Skip to content

Obama Camp Claims Its ‘Ground Game’ Will Beat Bush’s in ’04

Like President Bush, the high command of Sen. Barack Obama’s (D-Ill.) presidential campaign claims to pay no attention to unfavorable national polls, asserting that what counts is its aggressive “ground game” in 18 key battleground states.

[IMGCAP(1)]Key Obama advisers say that they hope to match or exceed the “tremendous” Bush field operation of 2004, which increased Republican turnout by 12 million votes over 2000, beating Democrats’ 8 million increase.

As an example, Obama advisers say they’ve identified 600,000 African- Americans who did not vote in Florida in 2004 and hope to score big among 900,000 young people who did not vote. Bush beat Sen. John Kerry (D-Mass.) in Florida by 381,000 votes in 2004.

And in Pennsylvania, where Kerry won by 145,000, Obama aides said Democrats have registered 360,000 new voters while Republicans have lost 60,000, for a net shift of 420,000 in the Democrats’ direction.

“I never read the Gallup daily tracking poll,” one Obama adviser said, concentrating instead on trends in voter enthusiasm and the preferences of independent women, regarded by both sides as a key swing group this year.

On the other hand, a high-ranking official of Sen. John McCain’s (R-Ariz.) campaign told me that the Gallup track — showing a McCain lead of 2 points for the first time on Tuesday — was evidence that Obama was losing support, even during his own national convention.

Some GOP pros acknowledge that Obama’s well-organized and superbly led campaign has a two-month head start on McCain in field organization, although a top McCain staffer said “we learned in 2002 and 2004 how to micro-target, reach out to voters and get them to the polls, and there’s no evidence that the Democrats know how to do it as well as we can.”

The McCain chieftain also recounted with some glee how continuing friction between the Obama and Clinton campaigns is sapping Democratic unity and how some key state polls are moving in McCain’s direction.

Indeed, on Tuesday, even as top Obama and Clinton officials were denying any discord, former President Bill Clinton told foreign diplomats that voters might well prefer an unnamed “Candidate Y” with whom they partially disagreed — but who could “deliver” — to a “Candidate X” with whom they fully agreed, but couldn’t deliver.

He denied this hypothetical had anything to do with the Obama-McCain race, but practically no one believed him — especially because close associates of his were loudly complaining that the Obama campaign was “dissing” the ex-president by not allowing him to speak in prime time on Wednesday.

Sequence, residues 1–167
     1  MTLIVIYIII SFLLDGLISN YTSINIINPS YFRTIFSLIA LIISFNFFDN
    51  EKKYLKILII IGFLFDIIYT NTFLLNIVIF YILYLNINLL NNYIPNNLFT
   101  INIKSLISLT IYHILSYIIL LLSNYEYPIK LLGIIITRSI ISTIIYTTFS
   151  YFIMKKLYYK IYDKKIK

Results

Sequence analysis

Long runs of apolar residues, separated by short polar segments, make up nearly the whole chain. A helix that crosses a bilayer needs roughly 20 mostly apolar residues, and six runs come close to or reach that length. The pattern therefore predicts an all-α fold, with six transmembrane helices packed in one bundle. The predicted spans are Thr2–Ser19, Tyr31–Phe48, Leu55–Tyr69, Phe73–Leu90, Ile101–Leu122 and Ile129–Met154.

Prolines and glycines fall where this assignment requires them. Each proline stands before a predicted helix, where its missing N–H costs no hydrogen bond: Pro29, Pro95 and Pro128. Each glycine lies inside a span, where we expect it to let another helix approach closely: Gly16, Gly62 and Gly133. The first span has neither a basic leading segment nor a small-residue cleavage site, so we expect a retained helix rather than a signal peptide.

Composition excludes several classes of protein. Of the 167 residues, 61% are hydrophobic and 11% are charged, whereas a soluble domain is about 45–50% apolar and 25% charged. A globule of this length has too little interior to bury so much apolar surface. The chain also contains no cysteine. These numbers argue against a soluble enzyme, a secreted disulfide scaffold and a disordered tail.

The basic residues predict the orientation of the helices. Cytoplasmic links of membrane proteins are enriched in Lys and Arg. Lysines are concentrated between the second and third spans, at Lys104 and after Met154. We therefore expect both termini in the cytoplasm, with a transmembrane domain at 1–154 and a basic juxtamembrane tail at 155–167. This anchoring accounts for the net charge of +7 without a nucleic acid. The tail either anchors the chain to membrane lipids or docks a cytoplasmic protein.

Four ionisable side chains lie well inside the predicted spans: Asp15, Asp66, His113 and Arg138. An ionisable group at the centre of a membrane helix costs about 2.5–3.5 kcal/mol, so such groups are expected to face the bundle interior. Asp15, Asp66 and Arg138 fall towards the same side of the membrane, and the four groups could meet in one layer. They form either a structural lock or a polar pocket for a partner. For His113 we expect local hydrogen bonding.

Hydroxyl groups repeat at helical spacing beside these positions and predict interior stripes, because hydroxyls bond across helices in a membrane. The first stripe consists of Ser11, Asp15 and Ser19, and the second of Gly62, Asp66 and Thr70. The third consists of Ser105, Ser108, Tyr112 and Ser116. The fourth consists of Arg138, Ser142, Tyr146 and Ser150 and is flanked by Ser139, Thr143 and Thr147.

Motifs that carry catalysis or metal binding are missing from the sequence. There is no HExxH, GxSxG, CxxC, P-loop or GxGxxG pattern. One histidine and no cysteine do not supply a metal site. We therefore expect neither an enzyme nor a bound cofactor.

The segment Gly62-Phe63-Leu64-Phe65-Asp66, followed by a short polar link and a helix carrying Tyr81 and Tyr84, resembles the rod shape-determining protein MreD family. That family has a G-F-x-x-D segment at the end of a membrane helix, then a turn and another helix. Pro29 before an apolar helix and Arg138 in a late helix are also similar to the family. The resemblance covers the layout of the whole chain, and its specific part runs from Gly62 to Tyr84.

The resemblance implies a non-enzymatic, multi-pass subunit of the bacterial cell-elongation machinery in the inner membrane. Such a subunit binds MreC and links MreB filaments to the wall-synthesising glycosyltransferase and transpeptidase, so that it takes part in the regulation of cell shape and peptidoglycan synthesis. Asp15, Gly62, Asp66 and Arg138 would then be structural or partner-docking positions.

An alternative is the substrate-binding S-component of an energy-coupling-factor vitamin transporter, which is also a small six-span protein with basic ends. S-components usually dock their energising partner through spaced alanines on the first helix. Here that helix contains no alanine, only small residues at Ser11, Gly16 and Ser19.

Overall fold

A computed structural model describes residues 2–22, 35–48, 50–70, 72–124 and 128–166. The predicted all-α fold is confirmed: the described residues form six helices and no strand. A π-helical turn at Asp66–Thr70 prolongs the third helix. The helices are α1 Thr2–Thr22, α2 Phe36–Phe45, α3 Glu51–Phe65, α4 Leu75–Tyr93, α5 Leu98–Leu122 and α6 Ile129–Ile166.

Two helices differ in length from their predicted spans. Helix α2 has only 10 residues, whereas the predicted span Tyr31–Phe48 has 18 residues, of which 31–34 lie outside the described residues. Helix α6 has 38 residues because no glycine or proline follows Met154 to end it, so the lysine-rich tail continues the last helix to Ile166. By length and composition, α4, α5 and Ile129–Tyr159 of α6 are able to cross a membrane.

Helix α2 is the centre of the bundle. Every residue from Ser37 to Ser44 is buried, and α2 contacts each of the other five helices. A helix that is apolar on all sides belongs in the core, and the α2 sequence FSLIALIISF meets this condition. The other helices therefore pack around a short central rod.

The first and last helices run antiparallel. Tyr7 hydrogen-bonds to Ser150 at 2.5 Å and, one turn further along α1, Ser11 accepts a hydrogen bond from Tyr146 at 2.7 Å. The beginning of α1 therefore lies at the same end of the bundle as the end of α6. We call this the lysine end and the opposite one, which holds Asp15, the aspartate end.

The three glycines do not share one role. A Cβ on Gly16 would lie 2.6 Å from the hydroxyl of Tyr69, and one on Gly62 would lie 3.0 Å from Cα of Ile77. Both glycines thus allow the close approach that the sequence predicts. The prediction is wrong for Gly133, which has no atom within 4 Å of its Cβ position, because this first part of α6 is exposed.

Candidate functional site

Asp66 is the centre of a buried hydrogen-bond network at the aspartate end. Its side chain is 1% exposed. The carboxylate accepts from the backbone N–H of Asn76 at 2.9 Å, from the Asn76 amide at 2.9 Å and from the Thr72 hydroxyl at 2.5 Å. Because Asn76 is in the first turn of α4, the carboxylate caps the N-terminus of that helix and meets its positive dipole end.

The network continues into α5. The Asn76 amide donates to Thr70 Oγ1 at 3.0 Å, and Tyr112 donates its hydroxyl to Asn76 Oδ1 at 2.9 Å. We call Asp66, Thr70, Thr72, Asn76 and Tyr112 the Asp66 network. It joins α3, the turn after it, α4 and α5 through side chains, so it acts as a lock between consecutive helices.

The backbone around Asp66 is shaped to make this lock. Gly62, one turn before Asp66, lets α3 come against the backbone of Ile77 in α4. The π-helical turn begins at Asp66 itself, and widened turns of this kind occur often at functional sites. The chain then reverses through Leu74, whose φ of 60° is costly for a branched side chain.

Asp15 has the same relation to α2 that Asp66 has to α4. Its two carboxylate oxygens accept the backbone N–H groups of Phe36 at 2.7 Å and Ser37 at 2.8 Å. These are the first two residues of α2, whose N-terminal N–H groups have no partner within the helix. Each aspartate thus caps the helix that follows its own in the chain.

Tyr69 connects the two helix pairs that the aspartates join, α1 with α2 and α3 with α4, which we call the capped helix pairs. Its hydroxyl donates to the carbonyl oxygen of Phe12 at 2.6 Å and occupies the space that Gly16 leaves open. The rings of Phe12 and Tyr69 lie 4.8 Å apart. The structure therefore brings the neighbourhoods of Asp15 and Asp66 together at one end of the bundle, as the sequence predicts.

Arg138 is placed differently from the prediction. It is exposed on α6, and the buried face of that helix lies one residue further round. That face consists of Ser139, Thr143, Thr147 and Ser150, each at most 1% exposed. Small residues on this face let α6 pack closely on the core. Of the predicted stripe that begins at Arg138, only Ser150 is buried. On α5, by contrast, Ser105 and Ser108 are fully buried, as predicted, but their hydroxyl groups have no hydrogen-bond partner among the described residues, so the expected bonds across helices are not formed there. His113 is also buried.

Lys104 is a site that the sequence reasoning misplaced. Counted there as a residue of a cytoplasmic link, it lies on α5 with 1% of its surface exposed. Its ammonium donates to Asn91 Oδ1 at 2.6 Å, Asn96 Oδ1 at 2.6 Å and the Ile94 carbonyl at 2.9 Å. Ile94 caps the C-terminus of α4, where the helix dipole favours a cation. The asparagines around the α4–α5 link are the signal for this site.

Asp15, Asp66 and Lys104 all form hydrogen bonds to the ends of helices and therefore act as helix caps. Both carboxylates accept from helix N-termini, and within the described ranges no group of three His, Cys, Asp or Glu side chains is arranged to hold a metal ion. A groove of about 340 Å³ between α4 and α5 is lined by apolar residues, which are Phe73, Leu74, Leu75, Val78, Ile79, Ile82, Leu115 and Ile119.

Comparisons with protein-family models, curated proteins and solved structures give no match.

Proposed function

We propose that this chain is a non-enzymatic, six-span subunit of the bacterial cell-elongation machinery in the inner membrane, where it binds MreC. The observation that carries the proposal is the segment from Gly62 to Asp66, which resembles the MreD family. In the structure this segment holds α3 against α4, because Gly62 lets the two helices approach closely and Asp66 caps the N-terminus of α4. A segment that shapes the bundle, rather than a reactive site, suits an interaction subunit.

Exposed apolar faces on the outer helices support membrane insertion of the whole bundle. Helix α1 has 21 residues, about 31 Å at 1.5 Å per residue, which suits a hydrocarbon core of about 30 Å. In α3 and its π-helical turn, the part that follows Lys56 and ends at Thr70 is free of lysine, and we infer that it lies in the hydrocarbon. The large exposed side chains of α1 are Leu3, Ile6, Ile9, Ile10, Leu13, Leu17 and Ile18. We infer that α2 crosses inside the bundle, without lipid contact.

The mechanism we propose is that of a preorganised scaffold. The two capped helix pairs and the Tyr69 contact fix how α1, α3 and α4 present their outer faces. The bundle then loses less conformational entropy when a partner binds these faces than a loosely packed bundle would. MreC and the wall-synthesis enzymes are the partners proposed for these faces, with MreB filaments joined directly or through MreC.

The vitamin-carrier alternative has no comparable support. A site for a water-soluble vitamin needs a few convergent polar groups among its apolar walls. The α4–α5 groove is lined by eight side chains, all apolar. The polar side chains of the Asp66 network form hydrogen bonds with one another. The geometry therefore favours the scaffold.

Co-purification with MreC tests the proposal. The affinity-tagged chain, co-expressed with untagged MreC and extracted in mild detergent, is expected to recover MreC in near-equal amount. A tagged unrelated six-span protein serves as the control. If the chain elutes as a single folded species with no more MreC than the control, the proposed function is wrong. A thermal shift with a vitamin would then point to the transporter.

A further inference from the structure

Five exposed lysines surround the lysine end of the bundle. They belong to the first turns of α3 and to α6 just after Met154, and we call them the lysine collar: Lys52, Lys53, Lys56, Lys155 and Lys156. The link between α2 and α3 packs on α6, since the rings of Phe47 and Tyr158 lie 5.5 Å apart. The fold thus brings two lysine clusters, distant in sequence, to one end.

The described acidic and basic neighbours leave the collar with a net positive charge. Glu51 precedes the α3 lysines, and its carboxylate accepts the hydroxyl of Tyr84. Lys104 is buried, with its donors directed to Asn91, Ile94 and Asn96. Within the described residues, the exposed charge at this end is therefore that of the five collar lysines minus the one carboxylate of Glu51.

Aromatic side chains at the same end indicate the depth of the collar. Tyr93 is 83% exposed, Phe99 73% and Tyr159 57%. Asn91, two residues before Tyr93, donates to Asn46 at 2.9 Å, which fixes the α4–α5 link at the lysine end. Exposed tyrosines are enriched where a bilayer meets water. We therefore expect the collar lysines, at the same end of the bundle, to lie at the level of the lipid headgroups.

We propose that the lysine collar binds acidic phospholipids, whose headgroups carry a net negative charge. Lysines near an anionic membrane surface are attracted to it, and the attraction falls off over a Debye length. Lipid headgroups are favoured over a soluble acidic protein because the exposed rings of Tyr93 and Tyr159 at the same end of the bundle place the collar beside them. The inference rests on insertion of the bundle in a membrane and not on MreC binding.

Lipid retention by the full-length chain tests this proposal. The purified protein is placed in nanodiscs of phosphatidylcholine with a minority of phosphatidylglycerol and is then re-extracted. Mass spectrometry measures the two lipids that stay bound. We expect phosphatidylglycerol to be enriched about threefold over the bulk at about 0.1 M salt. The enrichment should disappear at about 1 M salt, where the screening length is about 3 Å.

And, while Sen. Hillary Rodham Clinton (D-N.Y.) made a strong case Tuesday night why she prefers Obama to McCain on policy grounds, she did not say a word in praise of his leadership abilities — or even his eloquence and ability to inspire new voters.

The McCain campaign has been running ads exploiting old Clinton criticisms of Obama and the defection of at least one attractive Clinton delegate to McCain. Cable channels have found other Clinton delegates still skeptical of Obama and unhappy that Sen. Clinton was not Obama’s vice presidential nominee.

Obama reportedly bypassed Clinton because preliminary vetting turned up embarrassing names in donor lists to Bill Clinton’s foundation and library and because Obama believed there could not be a “White House with three presidents,” meaning himself, Hillary and Bill Clinton.

Still, the Obama high command exudes confidence about what’s likely to happen in November, claiming that the very success of Bush’s 2004 efforts limits McCain’s ability to grow GOP turnout — which he must to do match Obama’s registration, voter contact and turnout efforts.

Obama aides cite an ABC-Washington Post poll this week showing that 95 percent of Obama voters describe themselves as “enthusiastic,” versus 86 percent for McCain, and 52 percent as “very enthusiastic” vs. only 28 percent for McCain.

Women split for Obama, 55 percent to 37 percent, while Kerry won them by only 51-48. And white women favor Obama 50-42, whereas Kerry lost them, 55-44.

Former Democratic National Committee Executive Director Mark Siegel pointed out, moreover, that 2004 turnout models may be outdated. Only 30 percent of under-30-year-olds voted in 2004, he noted, whereas 50 percent may vote this year, and only 51 percent of African-Americans turned out, whereas 65 percent or 70 percent may vote this year — all to Obama’s benefit.

On the other hand, former Bush political guru Karl Rove came up with figures showing that enthusiasm for Obama is flagging among young people as he “goes negative” and seems increasingly to be an “ordinary politician.”

And Rove cited registration figures in Florida showing a net pickup of only 24,000 for Democrats and 88,000 for independents this year — not enough to overcome the 2004 GOP advantage.

Meantime, state polls in the 18 most-contested states do not show an overwhelming surge to Obama. New Quinnipiac polls show gains by McCain in Florida and Ohio, while Obama is holding a 7-point lead in Pennsylvania.

In a time of deep dissatisfaction with the status quo and with the incumbent GOP administration, Obama is leading in’s electoral vote tally just 228 to 185, with states holding 125 electoral votes polling as tossups.

The tossups include Virginia, Michigan, Colorado, Nevada, New Mexico, New Hampshire, Minnesota and North Carolina.

McCain is more than 5 points ahead — but not 10 — in Missouri, Georgia and North Dakota, as Obama is in Pennsylvania, Iowa, Wisconsin and Oregon.

Of course, all these calculations are based on old models. Obama’s team thinks its candidate and its ground operation can break the mold and make history.